Cultures of Modernities in the Pre-Modern and Early Modern Period

15-18 June 2016
Prof. Sahar Amer and Dr. Hélène Sirantoine (University of Sydney); Prof. Louise D’Arcens and Dr. Clare Monagle (Macquarie University)
Sahar Amer, Francesco Borghesi, Louise D’Arcens, John Gagné, Clare Monagle, Hélène Sirantoine.

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This inaugural conference of the Global Middle Ages Faculty Research Group at the University of Sydney focuses on Cultures of Modernity in the Pre-Modern and Early Modern Period. Encompassing medieval studies and medievalist approaches, it aims to expand the traditional focus, disciplinary constraints, geographic reach, and historical periodization of the Middle Ages and early modern period. Contesting the largely Eurocentric bent of much scholarship on the pre-modern period, this conference questions the assumed linear trajectory of Europe, the conventional categories of “center” and “periphery,” highlighting in the process the crucial role of “peripheries” in the construction of European modernity.

During the two day conference, invited speakers and panelists will challenge the notion oft-repeated in world history that Western powers were constituted in the fifteenth century or the Renaissance and gave rise, only then, to a capitalist modernity. They will revisit this dominating grand (meta)-narrative of Euro-centric modernity with its teleological, stage-oriented histories, and its associated categories of “progress,” “industrialization,” and “civilization.”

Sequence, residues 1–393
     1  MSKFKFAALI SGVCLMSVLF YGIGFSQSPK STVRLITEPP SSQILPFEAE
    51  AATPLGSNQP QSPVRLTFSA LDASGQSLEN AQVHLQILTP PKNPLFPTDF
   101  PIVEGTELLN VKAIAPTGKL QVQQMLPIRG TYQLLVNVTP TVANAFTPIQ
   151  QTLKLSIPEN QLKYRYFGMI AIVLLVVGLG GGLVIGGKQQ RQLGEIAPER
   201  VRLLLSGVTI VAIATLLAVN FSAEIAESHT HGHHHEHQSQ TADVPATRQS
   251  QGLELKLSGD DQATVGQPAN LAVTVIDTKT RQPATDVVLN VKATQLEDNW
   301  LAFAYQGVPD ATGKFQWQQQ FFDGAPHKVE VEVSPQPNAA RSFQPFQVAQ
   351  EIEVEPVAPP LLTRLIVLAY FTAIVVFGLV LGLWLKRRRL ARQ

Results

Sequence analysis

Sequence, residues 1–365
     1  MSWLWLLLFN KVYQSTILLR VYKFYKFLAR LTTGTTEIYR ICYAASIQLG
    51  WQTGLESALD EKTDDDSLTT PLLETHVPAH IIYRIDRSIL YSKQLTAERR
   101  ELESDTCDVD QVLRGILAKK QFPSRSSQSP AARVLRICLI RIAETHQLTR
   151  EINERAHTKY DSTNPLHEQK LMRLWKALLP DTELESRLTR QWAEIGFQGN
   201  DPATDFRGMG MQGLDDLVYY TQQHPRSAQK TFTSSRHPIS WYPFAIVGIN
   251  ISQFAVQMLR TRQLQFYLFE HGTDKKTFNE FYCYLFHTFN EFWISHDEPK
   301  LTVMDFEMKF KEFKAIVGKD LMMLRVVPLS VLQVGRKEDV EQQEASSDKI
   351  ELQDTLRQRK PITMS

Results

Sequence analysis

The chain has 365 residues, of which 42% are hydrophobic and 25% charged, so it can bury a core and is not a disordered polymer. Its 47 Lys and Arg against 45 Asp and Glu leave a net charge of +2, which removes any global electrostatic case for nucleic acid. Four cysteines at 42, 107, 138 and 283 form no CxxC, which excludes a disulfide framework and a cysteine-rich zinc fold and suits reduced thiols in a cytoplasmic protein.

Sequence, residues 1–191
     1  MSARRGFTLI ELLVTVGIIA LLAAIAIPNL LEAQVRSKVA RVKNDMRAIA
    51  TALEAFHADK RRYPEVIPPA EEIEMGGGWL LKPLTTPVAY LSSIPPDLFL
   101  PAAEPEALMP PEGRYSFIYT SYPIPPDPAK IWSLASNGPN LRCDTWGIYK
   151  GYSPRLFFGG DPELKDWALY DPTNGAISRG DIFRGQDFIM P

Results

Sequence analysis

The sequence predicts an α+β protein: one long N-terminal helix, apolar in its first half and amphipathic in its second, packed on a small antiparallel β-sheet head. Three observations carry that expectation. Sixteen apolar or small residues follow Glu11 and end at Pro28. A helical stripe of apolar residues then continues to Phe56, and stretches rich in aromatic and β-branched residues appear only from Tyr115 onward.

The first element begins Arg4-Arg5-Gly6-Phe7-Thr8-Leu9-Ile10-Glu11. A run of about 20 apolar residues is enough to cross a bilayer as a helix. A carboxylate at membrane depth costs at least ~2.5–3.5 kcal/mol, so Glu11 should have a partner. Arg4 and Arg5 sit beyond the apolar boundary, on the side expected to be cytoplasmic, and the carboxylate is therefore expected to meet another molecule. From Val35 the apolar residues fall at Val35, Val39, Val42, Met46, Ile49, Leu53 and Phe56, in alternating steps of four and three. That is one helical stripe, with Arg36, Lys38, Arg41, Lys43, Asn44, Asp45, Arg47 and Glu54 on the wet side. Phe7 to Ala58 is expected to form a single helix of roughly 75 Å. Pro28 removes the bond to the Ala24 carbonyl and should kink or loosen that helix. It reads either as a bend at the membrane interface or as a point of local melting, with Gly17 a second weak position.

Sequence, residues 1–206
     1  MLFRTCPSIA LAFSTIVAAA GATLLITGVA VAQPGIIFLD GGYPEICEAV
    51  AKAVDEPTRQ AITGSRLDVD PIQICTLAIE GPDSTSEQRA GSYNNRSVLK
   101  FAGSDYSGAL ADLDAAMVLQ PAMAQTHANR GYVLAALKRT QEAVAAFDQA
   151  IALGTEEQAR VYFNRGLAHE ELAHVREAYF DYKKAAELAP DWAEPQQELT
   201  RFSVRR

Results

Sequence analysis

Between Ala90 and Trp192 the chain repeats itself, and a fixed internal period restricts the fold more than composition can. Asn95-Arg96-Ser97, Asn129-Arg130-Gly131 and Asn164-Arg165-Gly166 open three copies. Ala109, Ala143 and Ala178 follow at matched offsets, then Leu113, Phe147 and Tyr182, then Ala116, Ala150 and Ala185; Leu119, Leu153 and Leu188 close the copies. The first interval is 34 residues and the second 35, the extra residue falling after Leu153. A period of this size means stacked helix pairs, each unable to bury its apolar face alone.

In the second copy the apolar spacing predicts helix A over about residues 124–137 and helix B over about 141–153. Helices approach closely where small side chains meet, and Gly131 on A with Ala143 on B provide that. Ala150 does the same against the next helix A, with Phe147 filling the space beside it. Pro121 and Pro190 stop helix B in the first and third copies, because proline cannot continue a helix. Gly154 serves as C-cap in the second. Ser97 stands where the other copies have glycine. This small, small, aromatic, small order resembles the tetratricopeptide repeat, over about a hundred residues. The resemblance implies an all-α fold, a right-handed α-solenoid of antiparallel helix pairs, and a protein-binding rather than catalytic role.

This conference will reflect more specifically on the technologies, translation projects, intercultural engagements, and cultural sophistication of earlier empires. These have begun to rewrite the history of our contemporary world, the narrative of the Enlightenment and of our assumed modernity. They are also having an impact on contemporary theorizations of postcolonialism, capitalism, feminism, race, and material cultures. Our conversation will revolve around the importance of this pre-modernity in discussions of contemporary forms of modernity and of the value of the past to contemporary understanding of the present.

This interdisciplinary conference will bring together three international keynote speakers (Prof. Laura Doyle, UMass-Amherst; Prof. Candace Barrington, Central Connecticut University, and A/P Geraldine Heng, University of Texas-Austin) who will share with us their research on “interimperiality” (Doyle), the Global Chaucer Project (Barrington), and the Global Middle Ages Project (GMAP) as well as MappaMundi digital initiatives, & Scholarly Community for the Globalization of the Middle Ages (Heng). The conference will also feature our international visiting scholar-in-residence Professor Lynn Ramey (Vanderbilt University) and her digital humanities work on “Cyprus” Crossroads of the Medieval Mediterranean.”

In addition, we will have five panels with a number of speakers from Australia and New Zealand.

For more information please contact Hélène Sirantoine: